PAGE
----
1001 — Improving Interdisciplinary Care Delivery: A Qualitative Case Comparison Study
Bikson KL (UCLA) , Lorenz KA
Because interdisciplinary management is a key feature of chronic illness care, we set out to describe and qualitatively compare the implementation of palliative care programs at 3 hospital sites (VA, non-profit managed care, University-based); identify environmental, technological, and process factors related to program implementation; and understand barriers and facilitators to implementing interdisciplinary palliative care.
Semi-structured in-person interviews were conducted with key players at each site (physicians, nurses, social workers, administrators, and executives). Qualitative data analyses used an iterative, grounded theory approach, coding for themes within and across cases. Variations in programs were compared and generalized back to theorized relationships with the service technology (interdisciplinary palliative care), organizational environment (healthcare system), and implementation process factors.
With respect to implementing interdisciplinary care, barriers include service technology factors: emerging discipline, staffing deficits, disciplinary tension, stigma, and lack of authority/accountability; and organizational factors: culture, knowledge deficits, difficulty communicating, funding, liability fear, and staff resistance. Facilitators include organizational factors: informal communication networks, executive support, and innovation champion; and implementation process factors: undisputed need for program, demonstration effects, and technical assistance. A palliative nurse practitioner described this interdisciplinary tension: "Doctors ignore social workers… They don't acknowledge the fact that after the patient died the social worker spent three hours consoling the 25 family members that were sprawled on the floor or pounding their head against the wall." A palliative physician describes multiple barriers: "Physician fear of litigation… wanting to please your patient…You really hate to say, 'I'm terribly sorry, it just isn't working…' I was never taught to say, 'Look, I understand you want x, y, and z. Ethically, I simply can't provide it to you, because not only is it not beneficial to you, but there's a very high risk it's going to make you suffer.'"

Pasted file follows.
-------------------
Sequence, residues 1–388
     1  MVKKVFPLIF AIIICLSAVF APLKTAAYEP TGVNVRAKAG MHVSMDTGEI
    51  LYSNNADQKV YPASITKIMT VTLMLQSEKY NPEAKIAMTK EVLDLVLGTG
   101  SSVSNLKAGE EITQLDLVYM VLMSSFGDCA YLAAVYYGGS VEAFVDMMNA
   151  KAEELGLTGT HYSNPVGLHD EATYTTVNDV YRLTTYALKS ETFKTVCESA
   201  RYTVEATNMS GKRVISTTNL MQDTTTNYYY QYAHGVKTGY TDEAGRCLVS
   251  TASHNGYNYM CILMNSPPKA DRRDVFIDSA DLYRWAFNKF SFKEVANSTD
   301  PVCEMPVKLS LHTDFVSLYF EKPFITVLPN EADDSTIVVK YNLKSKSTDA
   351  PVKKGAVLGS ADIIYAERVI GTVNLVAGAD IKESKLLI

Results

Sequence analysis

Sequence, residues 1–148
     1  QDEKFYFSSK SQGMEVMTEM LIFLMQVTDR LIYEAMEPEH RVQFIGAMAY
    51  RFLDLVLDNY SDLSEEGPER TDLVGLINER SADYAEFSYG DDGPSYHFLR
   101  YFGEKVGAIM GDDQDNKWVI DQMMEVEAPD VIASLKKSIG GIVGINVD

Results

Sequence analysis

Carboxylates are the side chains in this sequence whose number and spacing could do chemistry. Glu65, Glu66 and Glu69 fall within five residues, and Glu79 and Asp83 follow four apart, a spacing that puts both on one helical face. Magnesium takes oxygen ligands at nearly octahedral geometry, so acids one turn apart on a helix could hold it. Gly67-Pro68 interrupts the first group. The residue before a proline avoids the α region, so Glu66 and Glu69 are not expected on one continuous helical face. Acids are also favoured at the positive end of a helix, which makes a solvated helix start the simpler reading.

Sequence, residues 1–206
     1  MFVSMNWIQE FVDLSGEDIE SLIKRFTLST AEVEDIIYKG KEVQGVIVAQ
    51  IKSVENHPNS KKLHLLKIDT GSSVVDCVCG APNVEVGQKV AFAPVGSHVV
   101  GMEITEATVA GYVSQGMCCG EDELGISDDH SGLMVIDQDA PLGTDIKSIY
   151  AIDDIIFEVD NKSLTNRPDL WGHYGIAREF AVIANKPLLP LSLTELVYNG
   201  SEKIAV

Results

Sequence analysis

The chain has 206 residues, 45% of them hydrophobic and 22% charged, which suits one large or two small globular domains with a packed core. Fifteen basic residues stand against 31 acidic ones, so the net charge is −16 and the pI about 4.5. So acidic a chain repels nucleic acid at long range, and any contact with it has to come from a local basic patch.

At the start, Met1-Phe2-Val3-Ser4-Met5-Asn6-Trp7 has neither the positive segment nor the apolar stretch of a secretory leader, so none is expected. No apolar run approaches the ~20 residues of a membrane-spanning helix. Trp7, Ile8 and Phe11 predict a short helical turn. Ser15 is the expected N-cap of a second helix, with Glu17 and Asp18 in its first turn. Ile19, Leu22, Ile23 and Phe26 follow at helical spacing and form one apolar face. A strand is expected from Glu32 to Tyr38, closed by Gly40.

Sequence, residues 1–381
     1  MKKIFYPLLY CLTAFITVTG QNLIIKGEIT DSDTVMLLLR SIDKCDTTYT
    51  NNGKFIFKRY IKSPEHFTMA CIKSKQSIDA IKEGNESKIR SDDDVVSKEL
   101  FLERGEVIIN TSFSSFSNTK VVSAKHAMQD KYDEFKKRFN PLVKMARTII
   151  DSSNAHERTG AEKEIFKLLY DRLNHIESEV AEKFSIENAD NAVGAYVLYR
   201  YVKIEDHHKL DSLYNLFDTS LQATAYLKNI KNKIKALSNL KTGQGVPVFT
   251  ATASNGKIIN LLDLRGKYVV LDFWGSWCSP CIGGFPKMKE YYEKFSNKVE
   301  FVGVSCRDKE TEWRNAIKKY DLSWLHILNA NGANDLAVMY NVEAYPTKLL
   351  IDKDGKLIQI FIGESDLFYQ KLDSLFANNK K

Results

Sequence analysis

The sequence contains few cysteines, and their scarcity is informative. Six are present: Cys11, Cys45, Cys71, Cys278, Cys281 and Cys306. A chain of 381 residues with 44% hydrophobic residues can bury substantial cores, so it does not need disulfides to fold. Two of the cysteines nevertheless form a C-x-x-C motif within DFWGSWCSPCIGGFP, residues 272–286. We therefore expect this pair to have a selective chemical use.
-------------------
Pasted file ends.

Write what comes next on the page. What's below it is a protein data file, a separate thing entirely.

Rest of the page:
Different disciplines often lack understanding of each others’ scope of practice and how to collaborate effectively. Interdisciplinary palliative care presents an inherent conflict for healthcare which is a highly formalized, hierarchical, and disciplinary environment.
Developing systems of shared accountability, rewards, and penalties as well as structured communication protocols may advance interdisciplinary teamwork and effective chronic illness care.